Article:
I've already written some about Sakura-con. The highlight of this con was their anime music video (AMV) room, which was really well done. Pictures of cosplayers can be found here
. After this trip I have decide that the big cons (like Otakon and Sakura-con) are definitely the way to go. There are more people and more stuff, but they feel less crowded than the smaller hotel-based cons. I may still go to Anime USA, especially if my friend Mary Jane is going, but the big con experience is definitely more enjoyable. I have to find another one to try sometime.
Tokyo was spectacular! I must go back soon. I didn't have a lot of time to wander around, because it was a business trip, but I did get to see Shibuya. I wanted to hit Akihabara, but it didn't work out. The few pictures I took during the trip are located here
.One caveat, the photos of the cookies were taken in Seattle on Saturday Night. That's not the table in my awesome Japanese Hotel, but in the crappy airport Ramada. What to say about Tokyo...
Crowded. I don't think Americans know the meaning of the word. We went to Shibuya in the morning on Friday and I have never seen so many people. Leaving the metro, it was like two rivers of people in the mall that gave access to the station. And everyone was going to or from the metro, because the shops weren't open yet. Somehow we got on the wrong side, going against the stream. My dash across the hall, accomplished without bumping into anyone was a spectacular feat. The masses of people waiting to cross at intersections was like nothing I've ever seen. Think Manhattan and double it. It was a sight to behold.
Amazingly, watching anime prepared me more for this trip than I ever would have imagined. Of the three of us who went, I knew the most Japanese, despite one guy having been there before. I recognized food items from shows (Rice balls from School Rumble
, bread filled with yummy stuff from Azumanga Daioh
, and a type of fish cake from Black Heaven
). I felt a little embarrassed explaining my anime-viewing habits are the reason I know some Japanese (everything I know I learned from anime and Shogun
). Those guys probably think I'm nuts. Still I think I was a little more savvy than somebody who might learn about American Culture from American cartoons.
I didn't eat as much Japanese food as I would have liked. We had Japanese for lunch most days because of where we were (mmm eel over rice), but the guys I was with weren't huge Japanese fans, and I stuck with the group. Korean barbecue one night. Hamburgers another (this I was actually into because I wanted to see what a Japanese "authentic American hamburger" would be like). God those hamburgers were great. One night we were treated to dinner, which was a great Japanese meal, with LOTS of Sapporo beer to wash it down, as well as some other yummy J-booze. That was where I had to explain my language prowess. First to "This is your first trip to Japan, but... I think you have some experience with the Japanese language." And later to a somewhat incredulous "Why you speak Japanese?" I think this might have been because I was the one of the three who put forth the most effort. I wanted to try some rice balls, but I was never hungry when I saw them in the convenience stores. Didn't eat any sushi until the day I left. There was a sushi place near my gate at Narita, so I stopped there for lunch. The other option was McDonalds, which I didn't want. The sushi was VERY good. Had some nice saké, too.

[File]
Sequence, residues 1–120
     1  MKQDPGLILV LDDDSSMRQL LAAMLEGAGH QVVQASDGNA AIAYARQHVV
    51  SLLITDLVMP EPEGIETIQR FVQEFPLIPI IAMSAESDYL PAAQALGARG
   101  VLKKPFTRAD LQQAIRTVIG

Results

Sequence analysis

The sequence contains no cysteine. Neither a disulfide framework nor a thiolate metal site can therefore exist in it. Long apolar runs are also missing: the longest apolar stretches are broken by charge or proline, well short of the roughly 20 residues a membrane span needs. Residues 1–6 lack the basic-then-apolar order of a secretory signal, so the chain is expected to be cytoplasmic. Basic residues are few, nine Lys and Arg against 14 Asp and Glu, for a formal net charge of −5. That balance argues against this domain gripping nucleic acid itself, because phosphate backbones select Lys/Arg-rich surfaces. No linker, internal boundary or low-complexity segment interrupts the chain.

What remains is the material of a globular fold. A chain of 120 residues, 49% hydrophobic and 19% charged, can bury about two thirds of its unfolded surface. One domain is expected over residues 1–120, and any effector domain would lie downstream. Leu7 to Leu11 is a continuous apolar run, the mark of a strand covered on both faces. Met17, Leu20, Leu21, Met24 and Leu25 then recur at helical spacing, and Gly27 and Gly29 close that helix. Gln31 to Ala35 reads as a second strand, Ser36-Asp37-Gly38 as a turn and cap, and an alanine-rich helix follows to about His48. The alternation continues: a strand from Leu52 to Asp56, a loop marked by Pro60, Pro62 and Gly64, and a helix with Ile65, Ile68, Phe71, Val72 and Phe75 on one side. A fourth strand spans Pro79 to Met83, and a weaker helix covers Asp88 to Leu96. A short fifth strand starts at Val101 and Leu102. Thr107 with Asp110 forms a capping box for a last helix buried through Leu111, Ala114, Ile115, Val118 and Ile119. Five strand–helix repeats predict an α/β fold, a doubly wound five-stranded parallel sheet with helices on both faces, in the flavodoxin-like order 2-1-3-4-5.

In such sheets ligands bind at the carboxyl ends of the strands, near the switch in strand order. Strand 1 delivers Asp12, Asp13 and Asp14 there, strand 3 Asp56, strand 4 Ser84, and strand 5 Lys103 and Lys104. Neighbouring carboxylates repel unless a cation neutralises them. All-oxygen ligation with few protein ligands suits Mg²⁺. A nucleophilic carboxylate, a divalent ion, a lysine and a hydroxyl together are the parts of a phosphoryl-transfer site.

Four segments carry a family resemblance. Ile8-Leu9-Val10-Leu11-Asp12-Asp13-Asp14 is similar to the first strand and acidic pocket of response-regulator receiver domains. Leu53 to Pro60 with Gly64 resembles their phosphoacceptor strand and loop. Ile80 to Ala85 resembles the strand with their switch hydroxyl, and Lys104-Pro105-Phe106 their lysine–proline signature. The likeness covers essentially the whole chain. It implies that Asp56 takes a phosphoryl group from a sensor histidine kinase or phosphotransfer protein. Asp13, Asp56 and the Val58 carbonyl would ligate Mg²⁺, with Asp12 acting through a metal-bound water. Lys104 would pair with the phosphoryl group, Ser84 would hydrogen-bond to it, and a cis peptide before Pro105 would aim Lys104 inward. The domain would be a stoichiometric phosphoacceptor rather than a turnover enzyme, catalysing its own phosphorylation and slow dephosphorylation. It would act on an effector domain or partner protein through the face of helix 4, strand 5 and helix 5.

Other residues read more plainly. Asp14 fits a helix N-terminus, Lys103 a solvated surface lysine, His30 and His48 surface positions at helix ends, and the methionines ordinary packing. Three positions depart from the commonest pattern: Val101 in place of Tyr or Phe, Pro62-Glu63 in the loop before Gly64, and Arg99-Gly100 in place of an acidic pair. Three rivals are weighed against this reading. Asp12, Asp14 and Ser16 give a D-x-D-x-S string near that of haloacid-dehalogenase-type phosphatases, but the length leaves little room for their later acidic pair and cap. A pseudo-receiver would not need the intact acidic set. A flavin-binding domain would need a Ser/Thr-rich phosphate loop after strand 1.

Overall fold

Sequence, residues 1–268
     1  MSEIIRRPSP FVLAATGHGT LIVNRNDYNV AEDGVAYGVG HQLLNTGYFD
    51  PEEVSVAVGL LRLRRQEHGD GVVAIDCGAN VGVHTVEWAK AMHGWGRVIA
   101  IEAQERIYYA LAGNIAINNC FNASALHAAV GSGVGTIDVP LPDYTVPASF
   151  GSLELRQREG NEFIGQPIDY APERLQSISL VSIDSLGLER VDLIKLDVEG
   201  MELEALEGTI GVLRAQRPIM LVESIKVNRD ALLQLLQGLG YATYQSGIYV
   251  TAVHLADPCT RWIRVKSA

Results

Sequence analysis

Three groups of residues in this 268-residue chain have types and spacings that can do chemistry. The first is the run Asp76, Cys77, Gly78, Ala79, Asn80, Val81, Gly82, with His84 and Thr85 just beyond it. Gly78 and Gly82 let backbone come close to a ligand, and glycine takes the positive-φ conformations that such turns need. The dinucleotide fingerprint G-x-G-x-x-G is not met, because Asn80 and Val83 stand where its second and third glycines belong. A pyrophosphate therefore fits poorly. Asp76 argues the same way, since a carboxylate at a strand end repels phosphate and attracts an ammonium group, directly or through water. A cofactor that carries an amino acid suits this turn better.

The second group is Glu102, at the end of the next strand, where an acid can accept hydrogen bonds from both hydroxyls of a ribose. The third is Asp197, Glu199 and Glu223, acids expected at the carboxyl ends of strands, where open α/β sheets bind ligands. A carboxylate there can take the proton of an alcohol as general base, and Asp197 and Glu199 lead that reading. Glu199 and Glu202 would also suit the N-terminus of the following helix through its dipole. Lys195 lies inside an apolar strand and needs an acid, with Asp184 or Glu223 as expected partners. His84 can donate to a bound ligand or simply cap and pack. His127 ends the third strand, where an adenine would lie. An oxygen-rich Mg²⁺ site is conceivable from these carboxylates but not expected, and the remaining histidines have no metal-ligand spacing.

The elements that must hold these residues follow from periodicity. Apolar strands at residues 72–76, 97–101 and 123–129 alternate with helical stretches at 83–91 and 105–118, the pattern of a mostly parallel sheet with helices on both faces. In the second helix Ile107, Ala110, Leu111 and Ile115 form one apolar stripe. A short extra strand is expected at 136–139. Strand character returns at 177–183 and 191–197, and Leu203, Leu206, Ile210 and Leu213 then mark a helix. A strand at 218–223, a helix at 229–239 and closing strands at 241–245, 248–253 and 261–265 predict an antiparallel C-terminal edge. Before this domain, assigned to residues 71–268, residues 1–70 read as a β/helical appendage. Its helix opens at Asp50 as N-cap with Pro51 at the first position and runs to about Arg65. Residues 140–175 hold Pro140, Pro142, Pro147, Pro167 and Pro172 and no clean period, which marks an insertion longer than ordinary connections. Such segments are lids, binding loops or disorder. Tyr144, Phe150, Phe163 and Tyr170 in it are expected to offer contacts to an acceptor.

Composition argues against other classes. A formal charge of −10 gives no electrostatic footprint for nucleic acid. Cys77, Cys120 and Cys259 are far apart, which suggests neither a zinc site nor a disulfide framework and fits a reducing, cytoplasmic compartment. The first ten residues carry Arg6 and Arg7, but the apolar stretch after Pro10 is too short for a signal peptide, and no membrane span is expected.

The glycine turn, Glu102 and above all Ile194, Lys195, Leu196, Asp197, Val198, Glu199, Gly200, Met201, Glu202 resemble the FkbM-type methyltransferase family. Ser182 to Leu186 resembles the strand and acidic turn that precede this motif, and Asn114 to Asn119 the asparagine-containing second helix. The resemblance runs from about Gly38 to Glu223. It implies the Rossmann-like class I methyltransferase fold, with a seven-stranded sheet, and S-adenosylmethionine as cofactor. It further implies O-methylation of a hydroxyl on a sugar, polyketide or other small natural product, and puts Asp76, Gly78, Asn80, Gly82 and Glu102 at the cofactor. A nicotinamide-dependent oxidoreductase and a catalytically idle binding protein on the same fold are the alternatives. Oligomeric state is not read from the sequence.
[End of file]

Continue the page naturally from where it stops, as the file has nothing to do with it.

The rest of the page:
It was fairly easy to get around Tokyo as an American with minimal Japanese skills. The metro was very easy.
Efficiency. Everything ran very well. The shuttle to and from the airport was one of the most well run systems I've ever seen. Ticketing, taking luggage, boarding passengers. You would have to be an idiot to get on the wrong bus or lose your luggage.
Everyone was very friendly. The way people said "good morning" and "thank you," it wasn't like they were just saying it, more like singing it. I don't know whether this is just something about the language that they always do it this way, or whether it was because I was mainly interacting with staff at businesses and they were dealing with a customer. Customer service, by the way, was excellent over there.
I kinda wish I didn't have to come back.
"Yes, Mr. PlumBob. It came through." Those word were music to my ears leaving Tokyo. I used some of my miles to upgrade and flew business class from Tokyo to San Francisco, and First class from SF to Seattle. Business class is nice! I was actually able to sleep for most of the flight to the States, despite not being totally exhausted.
When I got back to Seattle, the first thing I did after twelve hours on planes was, of course, rent a car and go look at planes. The museum of flight is most excellent and I recommend it if your ever in Seattle. Pics here
. That night I grabbed dinner at a red Robin and went to bed early. Got out of Seattle earlier than expected, after a bit of a scare (my original flight was canceled; thank God I got to the airport three hours early). After business class the day before, coach was doubly horrible. Middle seats all the way back to DC, too. Landed here around 11. Took today off work. Slept LOTS. Eleven days of running around must have taken a greater toll on me than I had realized. But it was a great experience. I loved it. I want to go back to Japan so bad. I need to get off my ass and renew my passport.